We are receiving a lot of questions about relevant analyses in the Analyse-it Method Validation edition to help in evaluating new diagnostic tests in the fight against COVID-19. Below are some quick links that will help, but contact us if you have questions - we are working as normal.
Also see our latest blog post: Sensitivity/Specificity and The Importance of Predictive Values for a COVID-19 test
Missing values occur when no data is recorded for an observation; you intended to make an observation but did not. Missing data are a common occurrence and can have a significant effect on the statistical analysis.
Missing values arise due to many reasons. For example, a subject dropped out of the study; a machine fault occurred that prevented a measurement been taken; a subject did not answer a question in a survey; or a researcher made a mistake recording an observation.
A missing value is indicated by an empty cell or a . (full stop) or * (asterisk) in the cell. These values always indicate a missing value, regardless of measurement scale of the variable. Similarly, cell values that are not valid for the measurement scale of the variable are treated as missing. For example, a cell containing text or a #N/A error value is treated as missing for a quantitative measurement scale variable, since neither are valid numeric values.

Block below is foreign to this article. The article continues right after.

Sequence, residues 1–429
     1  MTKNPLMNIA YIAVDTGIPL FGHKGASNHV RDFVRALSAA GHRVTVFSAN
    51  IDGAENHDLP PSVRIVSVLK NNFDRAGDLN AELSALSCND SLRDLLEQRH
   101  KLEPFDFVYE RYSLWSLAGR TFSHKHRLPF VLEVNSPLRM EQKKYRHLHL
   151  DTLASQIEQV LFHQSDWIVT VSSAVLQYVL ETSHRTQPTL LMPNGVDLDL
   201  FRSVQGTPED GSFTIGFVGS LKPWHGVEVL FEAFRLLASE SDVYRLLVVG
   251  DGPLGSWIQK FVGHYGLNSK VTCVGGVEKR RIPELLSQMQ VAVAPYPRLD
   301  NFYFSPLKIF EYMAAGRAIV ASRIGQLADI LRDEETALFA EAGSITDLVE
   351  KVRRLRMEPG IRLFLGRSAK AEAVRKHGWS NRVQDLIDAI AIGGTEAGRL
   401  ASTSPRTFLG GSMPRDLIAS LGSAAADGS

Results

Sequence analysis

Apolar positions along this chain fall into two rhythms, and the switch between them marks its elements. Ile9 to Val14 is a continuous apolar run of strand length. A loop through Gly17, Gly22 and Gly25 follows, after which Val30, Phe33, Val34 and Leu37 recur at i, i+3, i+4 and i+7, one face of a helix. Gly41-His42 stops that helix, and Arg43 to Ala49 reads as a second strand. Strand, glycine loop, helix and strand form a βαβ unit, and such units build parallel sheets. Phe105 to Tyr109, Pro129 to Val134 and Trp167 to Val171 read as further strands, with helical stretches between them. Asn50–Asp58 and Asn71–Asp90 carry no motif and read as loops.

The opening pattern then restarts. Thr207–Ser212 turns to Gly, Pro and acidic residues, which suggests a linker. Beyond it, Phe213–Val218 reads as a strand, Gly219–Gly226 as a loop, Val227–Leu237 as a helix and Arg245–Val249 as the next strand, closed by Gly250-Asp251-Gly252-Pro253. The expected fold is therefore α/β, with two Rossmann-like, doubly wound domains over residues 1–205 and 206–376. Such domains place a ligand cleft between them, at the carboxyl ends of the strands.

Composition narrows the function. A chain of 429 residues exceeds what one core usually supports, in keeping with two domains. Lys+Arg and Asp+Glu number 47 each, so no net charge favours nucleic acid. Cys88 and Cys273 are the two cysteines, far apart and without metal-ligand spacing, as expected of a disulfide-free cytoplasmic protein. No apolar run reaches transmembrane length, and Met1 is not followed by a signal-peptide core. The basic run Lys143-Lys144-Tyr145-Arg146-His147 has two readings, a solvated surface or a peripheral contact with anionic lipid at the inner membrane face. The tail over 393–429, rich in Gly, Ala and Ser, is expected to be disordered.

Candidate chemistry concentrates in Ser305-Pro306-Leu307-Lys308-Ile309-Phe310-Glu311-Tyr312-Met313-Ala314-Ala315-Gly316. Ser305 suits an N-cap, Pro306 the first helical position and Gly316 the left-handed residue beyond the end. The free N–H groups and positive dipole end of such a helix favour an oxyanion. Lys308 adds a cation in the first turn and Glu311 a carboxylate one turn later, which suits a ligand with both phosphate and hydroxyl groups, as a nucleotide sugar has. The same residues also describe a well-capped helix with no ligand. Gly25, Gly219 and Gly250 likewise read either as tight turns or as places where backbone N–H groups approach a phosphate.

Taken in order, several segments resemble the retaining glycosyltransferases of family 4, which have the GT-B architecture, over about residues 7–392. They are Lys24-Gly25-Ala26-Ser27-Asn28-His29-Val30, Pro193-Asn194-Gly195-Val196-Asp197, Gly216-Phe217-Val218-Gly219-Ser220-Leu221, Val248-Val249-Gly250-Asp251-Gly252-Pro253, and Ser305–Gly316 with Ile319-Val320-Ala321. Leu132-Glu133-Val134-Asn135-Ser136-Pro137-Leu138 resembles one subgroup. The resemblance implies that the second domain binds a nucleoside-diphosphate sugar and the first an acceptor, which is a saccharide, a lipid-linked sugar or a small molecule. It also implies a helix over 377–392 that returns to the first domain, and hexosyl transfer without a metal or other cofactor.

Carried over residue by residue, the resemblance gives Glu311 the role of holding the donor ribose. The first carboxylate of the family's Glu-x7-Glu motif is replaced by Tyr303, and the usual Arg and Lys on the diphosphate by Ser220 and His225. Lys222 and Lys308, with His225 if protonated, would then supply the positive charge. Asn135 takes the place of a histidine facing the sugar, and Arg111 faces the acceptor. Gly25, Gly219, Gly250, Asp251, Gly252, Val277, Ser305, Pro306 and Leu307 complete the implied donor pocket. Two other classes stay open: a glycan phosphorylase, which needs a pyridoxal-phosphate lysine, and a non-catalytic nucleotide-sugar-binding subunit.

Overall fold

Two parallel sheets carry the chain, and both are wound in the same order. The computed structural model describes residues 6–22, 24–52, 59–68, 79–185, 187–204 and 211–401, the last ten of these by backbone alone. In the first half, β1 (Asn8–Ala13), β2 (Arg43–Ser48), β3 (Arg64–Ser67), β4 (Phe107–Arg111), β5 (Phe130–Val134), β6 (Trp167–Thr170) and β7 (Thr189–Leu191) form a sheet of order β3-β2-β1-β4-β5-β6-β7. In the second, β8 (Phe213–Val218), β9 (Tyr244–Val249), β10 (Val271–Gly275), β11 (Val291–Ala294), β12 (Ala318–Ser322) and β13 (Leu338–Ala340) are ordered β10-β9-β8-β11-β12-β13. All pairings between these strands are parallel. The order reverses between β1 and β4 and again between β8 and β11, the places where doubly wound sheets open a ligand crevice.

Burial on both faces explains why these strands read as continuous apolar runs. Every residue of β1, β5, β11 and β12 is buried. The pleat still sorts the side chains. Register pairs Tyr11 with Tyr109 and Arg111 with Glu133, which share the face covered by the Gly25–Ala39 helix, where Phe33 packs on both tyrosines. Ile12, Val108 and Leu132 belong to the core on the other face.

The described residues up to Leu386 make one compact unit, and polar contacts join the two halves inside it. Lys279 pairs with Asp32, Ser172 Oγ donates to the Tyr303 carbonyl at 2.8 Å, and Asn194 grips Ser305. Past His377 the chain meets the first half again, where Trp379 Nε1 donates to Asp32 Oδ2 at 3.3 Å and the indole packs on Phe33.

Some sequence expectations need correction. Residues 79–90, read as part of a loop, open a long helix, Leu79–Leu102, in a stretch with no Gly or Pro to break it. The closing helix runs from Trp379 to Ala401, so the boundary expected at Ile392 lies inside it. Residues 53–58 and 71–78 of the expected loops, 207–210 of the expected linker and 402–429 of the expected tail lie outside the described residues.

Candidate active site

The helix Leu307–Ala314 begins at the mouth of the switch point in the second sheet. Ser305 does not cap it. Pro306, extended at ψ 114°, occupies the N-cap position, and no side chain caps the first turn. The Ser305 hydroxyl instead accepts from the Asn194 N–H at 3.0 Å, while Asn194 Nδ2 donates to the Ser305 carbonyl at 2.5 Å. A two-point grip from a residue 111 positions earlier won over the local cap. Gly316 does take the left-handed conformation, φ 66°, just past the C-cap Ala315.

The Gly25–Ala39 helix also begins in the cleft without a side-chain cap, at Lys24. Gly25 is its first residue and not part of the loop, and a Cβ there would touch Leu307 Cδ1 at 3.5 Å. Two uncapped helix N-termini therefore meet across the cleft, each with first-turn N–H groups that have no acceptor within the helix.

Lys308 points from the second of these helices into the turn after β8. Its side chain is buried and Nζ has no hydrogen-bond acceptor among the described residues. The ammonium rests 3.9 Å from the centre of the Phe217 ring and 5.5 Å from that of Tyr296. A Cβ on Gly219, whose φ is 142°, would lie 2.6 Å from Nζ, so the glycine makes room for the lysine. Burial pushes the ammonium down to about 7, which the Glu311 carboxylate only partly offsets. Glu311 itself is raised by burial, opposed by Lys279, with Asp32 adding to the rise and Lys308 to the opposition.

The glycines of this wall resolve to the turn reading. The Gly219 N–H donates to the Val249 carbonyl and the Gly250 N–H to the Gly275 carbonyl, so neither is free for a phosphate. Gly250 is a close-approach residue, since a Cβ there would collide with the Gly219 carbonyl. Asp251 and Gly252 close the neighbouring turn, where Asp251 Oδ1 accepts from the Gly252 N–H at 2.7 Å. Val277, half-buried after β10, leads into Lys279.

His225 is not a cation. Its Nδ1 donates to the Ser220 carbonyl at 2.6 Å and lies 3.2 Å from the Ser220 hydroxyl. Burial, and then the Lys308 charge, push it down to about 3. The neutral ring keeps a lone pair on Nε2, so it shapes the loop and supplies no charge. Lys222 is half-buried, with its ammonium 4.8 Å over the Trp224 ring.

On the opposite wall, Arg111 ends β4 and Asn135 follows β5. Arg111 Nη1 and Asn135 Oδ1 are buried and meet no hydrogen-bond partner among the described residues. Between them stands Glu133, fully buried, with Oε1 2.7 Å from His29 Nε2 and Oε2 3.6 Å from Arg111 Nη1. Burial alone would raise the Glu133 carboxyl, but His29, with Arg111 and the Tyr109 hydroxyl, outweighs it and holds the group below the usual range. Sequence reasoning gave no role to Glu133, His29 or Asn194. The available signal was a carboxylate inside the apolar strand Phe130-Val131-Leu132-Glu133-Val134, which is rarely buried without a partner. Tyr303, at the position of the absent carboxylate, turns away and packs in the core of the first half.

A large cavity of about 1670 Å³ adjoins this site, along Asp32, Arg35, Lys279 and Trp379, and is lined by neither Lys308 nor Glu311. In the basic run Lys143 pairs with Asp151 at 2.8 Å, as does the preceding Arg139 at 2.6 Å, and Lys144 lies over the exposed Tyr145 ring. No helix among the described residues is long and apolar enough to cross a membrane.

Some applications, especially older statistical software, use special values such as 99999 to indicate missing values. If you import such data, you should use the Excel Find & Replace command to replace the values with a recognized missing indicator.
In the presence of missing values you often still want to make statistical inferences. Some analyses support techniques such as deletion, imputation, and interpolation to allow the analysis to cope with missing values. However, it is still important before performing an analysis that you understand why the data is missing. When the reason for the missing data is not completely random, the study may be biased, and the statistics may be misleading.